Allison Advances Commercial-Vehicle Electronic Controls

Next-gen platform supports Allison’s conventional products as well as its expanding eGen Power e-axle portfolio, according to VP of Product Engineering, Ryan Milburn.

Allison expects all OEM partners to transition to this next-gen controls platform by the end of January 2023. (Allison Transmission)

Allison Transmission continues to invest in and accelerate its electric-vehicle propulsion solutions, but it also remains committed to its conventional product portfolio, which the company expects to remain relevant for decades to come. Boosting the capabilities of both technology pathways is Allison’s next-generation electronic controls platform, which features advanced communications, functional safety, cybersecurity and over-the-air (OTA) programming capability.

Ryan Milburn, VP of Product Engineering at Allison Transmission. (Allison Transmission)

Allison partnered with multiple OEMs to build the first commercial vehicles equipped with the next-gen platform, which combines state-of-the-art microprocessor and software operating system technology. Freightliner Custom Chassis Corp. has begun producing the first walk-in vans equipped with the enhanced electronic controls. Other OEMs using the new system include Mack Trucks in its medium-duty trucks, Prevost and MAN. Allison expects all OEM partners to transition to this controls platform by the end of January 2023.

“Many of the advanced technologies and capabilities offered through Allison’s next-generation electronic controls platform are at the forefront of commercial vehicle industry adoption,” said Ryan Milburn, VP of Product Engineering at Allison Transmission, who also is serving as the 2022 Executive Chair for the SAE COMVEC event this September in Indianapolis. COMVEC’s theme, “Powering Future Innovation ”, embodies the technology advances Allison and other companies are making in propulsion, as well as functional safety, cybersecurity and connectivity.

“The capabilities require integration at a vehicle system level,” Milburn continued. “System and vehicle level integration expertise is a core competency and differentiator for Allison, and we are proud to deliver these next-generation capabilities in partnership with our global OEM customers.” Hardware and software enhancements required to support the advanced capabilities include: a new control module and pushbutton shift selector, as well as a new software operating system, controls and calibration software and cybersecurity infrastructure.

The new platform initially supports Allison’s 1000 through 4000 Series product portfolio, as well as its eGen Power electrified propulsion solutions. The company plans to introduce a new fully integrated eGen Power e-axle this fall at IAA Transportation in Hanover, Germany. The new e-axle will complement existing products such as the twin-motor eGen Power 100D, which powers Hino Trucks’ XL Class 7 and 8 battery-electric trucks, providing a continuous output of 454 kW and a peak output of 652 kW.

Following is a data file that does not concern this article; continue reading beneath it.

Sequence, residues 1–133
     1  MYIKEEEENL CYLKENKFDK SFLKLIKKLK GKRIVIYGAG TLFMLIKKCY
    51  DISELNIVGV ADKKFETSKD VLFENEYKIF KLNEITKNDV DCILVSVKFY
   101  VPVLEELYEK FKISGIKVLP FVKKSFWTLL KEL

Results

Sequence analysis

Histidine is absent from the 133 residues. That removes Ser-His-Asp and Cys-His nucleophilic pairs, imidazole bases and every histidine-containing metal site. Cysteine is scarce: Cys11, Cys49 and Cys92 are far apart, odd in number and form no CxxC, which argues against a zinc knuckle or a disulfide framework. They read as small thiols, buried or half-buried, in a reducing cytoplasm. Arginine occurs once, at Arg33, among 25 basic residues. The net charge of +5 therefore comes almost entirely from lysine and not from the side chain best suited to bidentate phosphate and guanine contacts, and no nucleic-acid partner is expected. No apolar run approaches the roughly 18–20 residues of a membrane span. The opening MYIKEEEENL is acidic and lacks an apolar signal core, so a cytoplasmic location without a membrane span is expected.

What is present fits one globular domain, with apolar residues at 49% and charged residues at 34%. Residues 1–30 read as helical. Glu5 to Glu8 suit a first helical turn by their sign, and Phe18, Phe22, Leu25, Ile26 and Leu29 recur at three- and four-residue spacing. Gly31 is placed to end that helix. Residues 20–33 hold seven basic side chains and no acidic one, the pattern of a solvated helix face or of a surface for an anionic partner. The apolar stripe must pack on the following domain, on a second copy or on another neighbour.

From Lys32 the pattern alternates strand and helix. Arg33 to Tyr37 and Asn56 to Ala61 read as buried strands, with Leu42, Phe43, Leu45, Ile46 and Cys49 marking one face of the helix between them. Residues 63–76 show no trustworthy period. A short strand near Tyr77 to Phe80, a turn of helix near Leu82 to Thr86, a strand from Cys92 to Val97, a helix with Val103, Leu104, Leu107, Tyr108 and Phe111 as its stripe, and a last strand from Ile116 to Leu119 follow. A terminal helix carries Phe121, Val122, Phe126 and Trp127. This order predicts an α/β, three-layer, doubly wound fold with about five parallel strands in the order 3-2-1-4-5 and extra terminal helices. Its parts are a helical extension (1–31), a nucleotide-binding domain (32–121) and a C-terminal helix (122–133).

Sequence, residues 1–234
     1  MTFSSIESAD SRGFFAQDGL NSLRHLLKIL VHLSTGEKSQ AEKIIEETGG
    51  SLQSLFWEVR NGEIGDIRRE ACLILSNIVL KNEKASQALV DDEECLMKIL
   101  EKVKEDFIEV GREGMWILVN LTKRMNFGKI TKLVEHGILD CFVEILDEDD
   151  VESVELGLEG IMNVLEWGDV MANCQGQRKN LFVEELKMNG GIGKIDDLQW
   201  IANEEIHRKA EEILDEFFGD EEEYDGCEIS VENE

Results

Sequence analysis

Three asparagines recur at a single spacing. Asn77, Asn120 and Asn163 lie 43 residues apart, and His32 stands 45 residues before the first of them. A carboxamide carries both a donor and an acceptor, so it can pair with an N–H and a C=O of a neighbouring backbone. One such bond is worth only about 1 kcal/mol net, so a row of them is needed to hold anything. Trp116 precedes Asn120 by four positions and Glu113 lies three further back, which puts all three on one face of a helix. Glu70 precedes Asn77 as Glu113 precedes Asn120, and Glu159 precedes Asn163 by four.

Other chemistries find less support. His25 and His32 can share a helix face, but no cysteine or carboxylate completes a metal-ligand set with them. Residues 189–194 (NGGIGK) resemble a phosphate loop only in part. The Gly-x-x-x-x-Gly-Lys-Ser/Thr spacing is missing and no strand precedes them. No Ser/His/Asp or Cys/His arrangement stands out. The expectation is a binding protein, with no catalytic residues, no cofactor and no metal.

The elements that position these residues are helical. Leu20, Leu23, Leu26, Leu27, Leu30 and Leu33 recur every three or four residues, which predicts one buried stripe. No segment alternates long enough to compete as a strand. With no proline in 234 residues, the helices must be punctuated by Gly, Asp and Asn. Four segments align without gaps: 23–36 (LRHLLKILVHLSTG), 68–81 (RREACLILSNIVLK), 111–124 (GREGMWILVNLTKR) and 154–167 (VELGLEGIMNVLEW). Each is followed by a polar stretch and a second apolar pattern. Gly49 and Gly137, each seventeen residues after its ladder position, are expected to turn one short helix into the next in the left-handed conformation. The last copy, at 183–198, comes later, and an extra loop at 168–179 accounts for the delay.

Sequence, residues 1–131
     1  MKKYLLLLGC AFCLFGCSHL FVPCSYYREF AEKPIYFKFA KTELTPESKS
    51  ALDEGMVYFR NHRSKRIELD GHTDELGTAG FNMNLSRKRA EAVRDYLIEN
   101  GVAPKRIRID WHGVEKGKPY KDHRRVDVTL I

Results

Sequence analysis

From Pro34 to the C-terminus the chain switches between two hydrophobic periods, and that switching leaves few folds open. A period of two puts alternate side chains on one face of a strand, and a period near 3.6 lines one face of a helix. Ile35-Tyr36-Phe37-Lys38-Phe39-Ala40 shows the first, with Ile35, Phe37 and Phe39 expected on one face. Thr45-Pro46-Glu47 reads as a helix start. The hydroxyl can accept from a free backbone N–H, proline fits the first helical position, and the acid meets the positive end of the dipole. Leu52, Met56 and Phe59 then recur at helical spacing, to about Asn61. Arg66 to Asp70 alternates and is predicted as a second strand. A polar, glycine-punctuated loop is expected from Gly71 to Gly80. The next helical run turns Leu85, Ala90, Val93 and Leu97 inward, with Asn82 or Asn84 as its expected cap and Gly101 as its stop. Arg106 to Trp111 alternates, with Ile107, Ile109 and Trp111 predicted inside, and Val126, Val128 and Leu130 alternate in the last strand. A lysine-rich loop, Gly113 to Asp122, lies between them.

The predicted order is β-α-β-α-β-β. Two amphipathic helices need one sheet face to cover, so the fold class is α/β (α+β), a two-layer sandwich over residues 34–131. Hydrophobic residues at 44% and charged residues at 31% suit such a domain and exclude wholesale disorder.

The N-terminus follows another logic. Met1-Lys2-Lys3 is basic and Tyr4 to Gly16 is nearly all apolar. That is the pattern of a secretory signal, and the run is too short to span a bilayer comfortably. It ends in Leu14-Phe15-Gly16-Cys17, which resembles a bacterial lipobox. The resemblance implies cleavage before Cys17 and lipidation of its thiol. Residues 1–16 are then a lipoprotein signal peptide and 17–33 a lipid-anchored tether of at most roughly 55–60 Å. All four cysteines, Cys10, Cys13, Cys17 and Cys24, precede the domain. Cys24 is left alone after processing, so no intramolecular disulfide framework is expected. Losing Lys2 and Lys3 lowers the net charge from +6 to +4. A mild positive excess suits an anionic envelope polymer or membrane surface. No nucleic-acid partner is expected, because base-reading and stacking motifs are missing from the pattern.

Milburn shared additional insights with SAE Media following a recent press conference.

Can you expand upon the new platform’s key features?

We’ve implemented an AUTOSAR [AUTomotive Open System Architecture] real-time operating system – it’s kind of becoming an industry standard. [Common in the automotive industry, AUTOSAR seeks to standardize basic system functions and functional interfaces to enable development partners to more easily integrate, exchange, reuse and transfer functions within a vehicle network.] Obviously new microprocessors that support all the cybersecurity and functional safety – we made a number of functional safety enhancements as required to segregate the various applications on the controller. And obviously continue to add feature capabilities as well.

Why was the move to this next-gen platform necessary?
The next-gen platform combines state-of-the-art microprocessor and software operating system technology. (Allison Transmission)

It enables functional safety, which is emerging as a requirement in the commercial vehicle industry, cybersecurity and it also enables over-the-air programming. So through the vehicle telematics solution you’ll be able to actually provide new software updates, whether that be turn on new FuelSense features or address any issues that arise. [FuelSense uses a ‘learning algorithm’ to support key features such as DynActive Shifting to determine the optimal shift point; Neutral at Stop, which reduces the load on the engine when the vehicle is stopped; and Acceleration Rate Management to mitigate aggressive driving by automatically controlling engine torque.]

Allison recently expanded its Vehicle Electrification + Environmental Test Center (VE+ET) in Indianapolis? What are some of the main enhancements?

Allison has made significant investments in facilities as part of our commitment to innovation…As the demand to test and validate larger and higher-capacity battery and hydrogen-fuel-cell electric vehicles increase, Allison expanded the test center’s battery emulation capabilities. This capability uniquely positions Allison to test and validate around the clock, eliminating the need to stop to recharge onboard batteries.

We also added bulk hydrogen supply to support validation of fuel cell electric vehicles, eliminating the reliance on the vehicle’s onboard hydrogen tanks. The VE+ET provides Allison engineers, customers and industry partners with enhanced capabilities to conduct testing in one centralized location where we’re able to replicate extreme environments. This facility moves us beyond [just] powertrain innovation, enabling Allison and our partners to bring new, innovative technology and vehicle systems to market faster and more efficiently.